Oh, the good old 8-bit days of gaming. Who can we forget the chiming dings of Super Mario mystery bricks, the sprawling breadth of The Legend of Zelda, the stunning cinematic grandeur of Ninja Gaiden?
Times were simpler, TV sets were heavier, mullets were longer but boy, those 1980s Nintendo games were absolutely fun. I've spent countless hours as a kid laboring through some of these admittedly devilishly difficult games just because, like Mount Everest, they were there. There were no cloud-based achievements, no online profiles, no downloadable content - it's just you versus the machine (and maybe a few neighborhood friends).
Feeling a little bit nostalgic yet? Although 8-bit revivalists have been re-experiencing these games through emulators or via Nintendo's Virtual Console, nothing compares to the sheer tactile joy of handling the real hardware as we knew it. The blocky, hard plastic feel of the rectangular controller, the mushy buttons, the blowing of the cartridge (ok, maybe not that), the satisfying click of the "On" button and most importantly, the look of that gray, monolithic gaming appliance as it is proudly displayed in the living room - for a 1980s kid, it's the centerpiece for instant cool.
Today, Nintendo is giving all of you gamers a chance to relive it all. The company is releasing the NES Classic Edition, a $60-miniature version of the Nintendo Entertainment System game console that we all know and love. It looks just like the 1980s console except it's smaller, like 5-inch-wide smaller.
Among its updated specs, it connects to modern flatscreen TVs exclusively via the ubiquitous HDMI connector and it is powered either via micro USB or through the included power adapter.
And to the delight of CRT fans, it has various HDTV display modes to choose from. There's 4:3 mode (default mode), pixel-perfect mode (displays each pixel as a square) and will be the obvious retro favorite, the CRT filter mode that aims to simulate the scan lines, the blurriness, the dodgy picture of an old TV. In short, the CRT filter mode will make the games look like how they looked back in the 1980s.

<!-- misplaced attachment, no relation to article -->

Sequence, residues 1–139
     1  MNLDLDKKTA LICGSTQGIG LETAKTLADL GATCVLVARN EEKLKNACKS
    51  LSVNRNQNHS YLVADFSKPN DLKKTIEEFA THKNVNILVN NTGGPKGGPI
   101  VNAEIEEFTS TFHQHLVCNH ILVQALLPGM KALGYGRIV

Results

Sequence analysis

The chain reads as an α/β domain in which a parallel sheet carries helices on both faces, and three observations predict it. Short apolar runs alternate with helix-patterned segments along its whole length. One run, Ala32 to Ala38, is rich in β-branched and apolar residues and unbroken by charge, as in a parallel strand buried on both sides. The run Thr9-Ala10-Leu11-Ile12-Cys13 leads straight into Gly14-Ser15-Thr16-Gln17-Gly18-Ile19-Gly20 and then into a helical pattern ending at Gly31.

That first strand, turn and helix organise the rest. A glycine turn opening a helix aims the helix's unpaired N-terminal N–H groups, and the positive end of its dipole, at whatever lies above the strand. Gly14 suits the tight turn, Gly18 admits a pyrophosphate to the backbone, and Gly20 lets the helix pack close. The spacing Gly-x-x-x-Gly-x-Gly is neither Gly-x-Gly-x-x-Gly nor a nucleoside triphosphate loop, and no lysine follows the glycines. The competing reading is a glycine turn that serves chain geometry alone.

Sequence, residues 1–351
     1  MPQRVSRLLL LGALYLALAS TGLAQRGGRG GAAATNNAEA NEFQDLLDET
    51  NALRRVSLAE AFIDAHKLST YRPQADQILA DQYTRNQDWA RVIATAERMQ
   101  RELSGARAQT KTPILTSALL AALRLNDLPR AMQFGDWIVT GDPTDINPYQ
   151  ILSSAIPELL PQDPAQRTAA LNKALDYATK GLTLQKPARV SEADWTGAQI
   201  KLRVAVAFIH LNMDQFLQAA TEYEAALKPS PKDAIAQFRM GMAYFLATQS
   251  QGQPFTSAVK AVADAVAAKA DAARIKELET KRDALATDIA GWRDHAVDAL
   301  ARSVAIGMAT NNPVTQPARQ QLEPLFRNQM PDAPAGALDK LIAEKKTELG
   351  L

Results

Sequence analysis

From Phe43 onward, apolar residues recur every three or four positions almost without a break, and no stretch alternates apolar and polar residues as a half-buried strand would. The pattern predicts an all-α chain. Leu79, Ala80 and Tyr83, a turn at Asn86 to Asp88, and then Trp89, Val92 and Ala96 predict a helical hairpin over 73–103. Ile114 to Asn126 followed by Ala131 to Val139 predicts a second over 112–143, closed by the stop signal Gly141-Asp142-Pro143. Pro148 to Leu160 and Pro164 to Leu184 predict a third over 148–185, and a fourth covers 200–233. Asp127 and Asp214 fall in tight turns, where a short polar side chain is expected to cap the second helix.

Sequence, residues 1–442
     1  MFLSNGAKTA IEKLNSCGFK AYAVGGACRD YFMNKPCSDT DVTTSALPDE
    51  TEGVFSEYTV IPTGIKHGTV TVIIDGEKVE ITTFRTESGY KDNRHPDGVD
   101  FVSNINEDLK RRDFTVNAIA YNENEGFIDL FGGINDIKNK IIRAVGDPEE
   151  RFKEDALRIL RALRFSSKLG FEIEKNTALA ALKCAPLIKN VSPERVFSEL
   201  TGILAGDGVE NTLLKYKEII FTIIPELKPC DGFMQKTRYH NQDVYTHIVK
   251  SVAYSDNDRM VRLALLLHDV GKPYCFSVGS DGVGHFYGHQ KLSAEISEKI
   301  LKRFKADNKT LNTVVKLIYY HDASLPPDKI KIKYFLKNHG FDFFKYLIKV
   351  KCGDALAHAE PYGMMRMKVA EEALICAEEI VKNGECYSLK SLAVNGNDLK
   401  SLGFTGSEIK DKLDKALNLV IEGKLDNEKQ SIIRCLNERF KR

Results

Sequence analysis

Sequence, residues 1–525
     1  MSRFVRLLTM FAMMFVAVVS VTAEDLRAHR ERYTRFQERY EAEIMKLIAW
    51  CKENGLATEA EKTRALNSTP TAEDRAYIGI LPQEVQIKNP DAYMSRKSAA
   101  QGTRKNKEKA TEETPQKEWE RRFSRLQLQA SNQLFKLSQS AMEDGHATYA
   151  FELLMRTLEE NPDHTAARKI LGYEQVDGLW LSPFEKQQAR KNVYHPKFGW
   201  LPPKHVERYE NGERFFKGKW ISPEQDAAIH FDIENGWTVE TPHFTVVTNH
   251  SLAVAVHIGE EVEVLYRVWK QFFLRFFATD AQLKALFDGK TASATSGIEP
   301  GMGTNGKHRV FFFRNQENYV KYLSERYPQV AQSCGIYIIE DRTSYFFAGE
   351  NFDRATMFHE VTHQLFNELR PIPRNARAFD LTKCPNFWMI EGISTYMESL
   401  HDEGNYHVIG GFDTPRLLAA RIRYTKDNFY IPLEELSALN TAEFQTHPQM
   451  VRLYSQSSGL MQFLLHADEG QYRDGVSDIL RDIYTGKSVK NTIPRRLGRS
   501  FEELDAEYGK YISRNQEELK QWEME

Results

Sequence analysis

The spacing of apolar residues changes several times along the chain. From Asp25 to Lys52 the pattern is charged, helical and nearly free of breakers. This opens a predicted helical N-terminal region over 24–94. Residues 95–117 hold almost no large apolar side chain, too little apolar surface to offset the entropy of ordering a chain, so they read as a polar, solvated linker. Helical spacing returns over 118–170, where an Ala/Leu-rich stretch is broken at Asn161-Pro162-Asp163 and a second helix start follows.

The included controller is also an exact replica of the original. It looks, feels, and plays the same - a perfect clone. Unfortunately, it merely comes with a 30-inch cord and this might pose a problem for big-screen TV equipped living rooms. Playing Ice Climber in its full pixelated glory while sitting three feet away from a 70-inch screen is not exactly the immersive experience I'm looking for.
If you still have your old NES game cartridges lying around, be forewarned, the NES Classic Edition will not play those since it doesn't have a cartridge slot. Instead, it comes preloaded with 30 of the most beloved Nintendo games from that era - games like Metroid, Legend of Zelda, Super Mario, etc.
Here is the list of the included games:
- Balloon Fight
- Bubble Bobble
- Castlevania II: Simon's Quest
- Donkey Kong
- Donkey Kong Jr.
- Double Dragon II: The Revenge
- Dr. Mario
- Final Fantasy
- Ghosts'n Goblins
- Ice Climber
- Kid Icarus
- Kirby's Adventure
- Mario Bros.
- Mega Man 2
- Ninja Gaiden
- Punch-Out!! Featuring Mr. Dream
- Super C
- Super Mario Bros.
- Super Mario Bros. 2
- Super Mario Bros. 3
- Tecmo Bowl
- The Legend of Zelda
- Zelda II: The Adventure of Link
For $60, this is still an impressive lineup.
So now, maybe you're itching and you can't wait to get one, right? Well, hold on to your coins, Luigi, since it looks like it's already sold out online.
As of this writing, it is already sold out on Amazon and third-party sellers are selling units for as high as $599!
If you want to get one today your best bet will be in brick and mortar stores like Best Buy, Target, Walmart or Gamestop. Hurry up, though, since supplies are limited.
Judging by the warm reception of this retro console, Nintendo will surely ramp up production of the NES Classic just in time to stuff millions of stockings throughout this Christmas season. I'll bet this will be the must-have gift of the year. Ka-Ching!
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